- Happy New Year to all! This week's cooking uses a slick new
Web-based experimentation platform for one-dimensional cellular
automata that has been developed by Chris Langton, Howard Gutowitz, and the
folks at the Santa Fe Institute. Their simulator can be accessed from the
Artificial Life link in the Kitchen
Sink, or directly from
Exploring the Space of Cellular Automata. One can choose among 4 forms
(elementary, lambda, stochastic lambda, and complex) that generate space-time
images based on CA rules of increasing generality. Our soup was concocted
using the lambda form, with 8 colors, 640 cells, 480 time steps, a random
initial seed, and a range-two CA rule with a lambda value of approximately
0.3. One can also obtain a text file with the
exact rule specifications, although they are not terribly illuminating in
- In a nutshell, the lambda parameter provides a rule of thumb for
quantifying the complexity of CA rules on the integers. A celebrated
empirical scheme of Stephen Wolfram partitions such systems into four
Classes: I, II, III, and IV, according to their limiting (ergodic) behavior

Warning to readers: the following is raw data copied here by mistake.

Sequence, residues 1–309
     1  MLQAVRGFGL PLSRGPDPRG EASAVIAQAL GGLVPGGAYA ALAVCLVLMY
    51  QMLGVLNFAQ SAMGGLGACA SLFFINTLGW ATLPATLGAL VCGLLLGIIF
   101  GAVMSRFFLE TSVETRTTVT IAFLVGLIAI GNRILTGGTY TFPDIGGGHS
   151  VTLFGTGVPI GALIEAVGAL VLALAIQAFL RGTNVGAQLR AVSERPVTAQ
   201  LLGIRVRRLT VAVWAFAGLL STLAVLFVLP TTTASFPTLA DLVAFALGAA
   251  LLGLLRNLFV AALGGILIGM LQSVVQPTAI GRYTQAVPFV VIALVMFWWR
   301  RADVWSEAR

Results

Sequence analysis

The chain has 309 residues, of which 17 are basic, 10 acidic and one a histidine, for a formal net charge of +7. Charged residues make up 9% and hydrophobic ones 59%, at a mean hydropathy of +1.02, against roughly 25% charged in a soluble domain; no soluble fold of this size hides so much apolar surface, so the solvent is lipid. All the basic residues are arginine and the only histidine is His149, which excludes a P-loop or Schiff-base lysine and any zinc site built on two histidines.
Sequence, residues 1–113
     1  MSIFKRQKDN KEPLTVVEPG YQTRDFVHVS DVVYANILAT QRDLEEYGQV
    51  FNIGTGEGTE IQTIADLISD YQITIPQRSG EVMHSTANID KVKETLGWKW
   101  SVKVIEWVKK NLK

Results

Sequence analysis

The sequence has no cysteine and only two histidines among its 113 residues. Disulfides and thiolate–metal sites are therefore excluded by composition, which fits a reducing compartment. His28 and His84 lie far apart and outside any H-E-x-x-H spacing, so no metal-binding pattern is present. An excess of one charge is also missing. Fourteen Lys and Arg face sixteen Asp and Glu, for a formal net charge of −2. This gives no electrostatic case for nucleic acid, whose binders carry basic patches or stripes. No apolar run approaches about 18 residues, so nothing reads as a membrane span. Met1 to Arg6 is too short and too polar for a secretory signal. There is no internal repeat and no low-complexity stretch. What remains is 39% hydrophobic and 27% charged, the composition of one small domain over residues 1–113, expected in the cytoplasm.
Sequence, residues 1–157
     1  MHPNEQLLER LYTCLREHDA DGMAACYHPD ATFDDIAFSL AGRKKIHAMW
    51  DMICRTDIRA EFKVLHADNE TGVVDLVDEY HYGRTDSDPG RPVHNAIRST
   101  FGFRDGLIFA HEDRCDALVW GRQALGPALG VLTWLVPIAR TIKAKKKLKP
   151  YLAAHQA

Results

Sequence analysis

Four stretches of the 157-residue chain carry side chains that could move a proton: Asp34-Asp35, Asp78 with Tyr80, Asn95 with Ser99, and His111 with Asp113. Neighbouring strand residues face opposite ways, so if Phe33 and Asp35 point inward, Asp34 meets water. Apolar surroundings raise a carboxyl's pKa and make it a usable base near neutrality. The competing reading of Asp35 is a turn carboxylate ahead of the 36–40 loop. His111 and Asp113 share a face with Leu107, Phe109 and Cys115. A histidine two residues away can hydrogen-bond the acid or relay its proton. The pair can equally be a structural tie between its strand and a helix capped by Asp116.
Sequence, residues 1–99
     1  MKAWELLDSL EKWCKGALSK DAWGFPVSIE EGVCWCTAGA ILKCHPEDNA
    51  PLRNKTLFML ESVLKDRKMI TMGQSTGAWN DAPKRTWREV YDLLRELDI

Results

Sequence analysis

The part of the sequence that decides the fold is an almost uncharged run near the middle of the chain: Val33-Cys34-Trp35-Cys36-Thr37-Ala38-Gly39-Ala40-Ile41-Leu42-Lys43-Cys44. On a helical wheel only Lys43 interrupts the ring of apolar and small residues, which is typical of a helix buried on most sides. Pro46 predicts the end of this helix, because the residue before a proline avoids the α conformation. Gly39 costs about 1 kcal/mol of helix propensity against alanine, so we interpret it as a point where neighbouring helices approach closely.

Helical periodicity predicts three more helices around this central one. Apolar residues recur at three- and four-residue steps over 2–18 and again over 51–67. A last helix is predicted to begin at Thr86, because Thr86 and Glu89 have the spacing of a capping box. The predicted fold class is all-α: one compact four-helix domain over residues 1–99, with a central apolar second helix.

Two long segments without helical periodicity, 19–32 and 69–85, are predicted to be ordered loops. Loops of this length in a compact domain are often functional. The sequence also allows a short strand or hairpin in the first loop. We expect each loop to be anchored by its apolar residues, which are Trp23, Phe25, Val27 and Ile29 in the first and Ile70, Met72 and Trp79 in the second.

from disordered initial states. Class IV rules are the rarest -- roughly,
those quasi-periodic dynamics that are delicately perched between order and disorder.
As Langton et al. explain, the lambda parameter can be tweaked to discover
ostensible Class IV rules with increased efficiency.
- From a mathematical point of view, I think it's fair to say that the
Wofram classification has never been precisely delineated, so there is
really no way of deciding definitively whether a given rule is Class IV.
Moreover, the classification was proposed largely on the basis of one-dimensional
experimentation, and the extent to which it extends to higher
dimensions is not at all clear. Indeed, some of the exotic self-organizational
phenomena documented here in the Kitchen seem to defy the
four categories. That said, the Langton-Gutowitz
Suggested Reading link is well worth pursuing.
And our soup just might be Class IV.
- I also like the Exploring page as a little preview of the much-touted
paradigm shift coming round the bend. Applets like this will be commonplace
real soon now, when Java reigns supreme, our PCs and workstations have all
been scrapped in favor of $50 Web boxes, we all enjoy infinite bandwidth,
and the Microsoft juggernaut finally crashes and burns...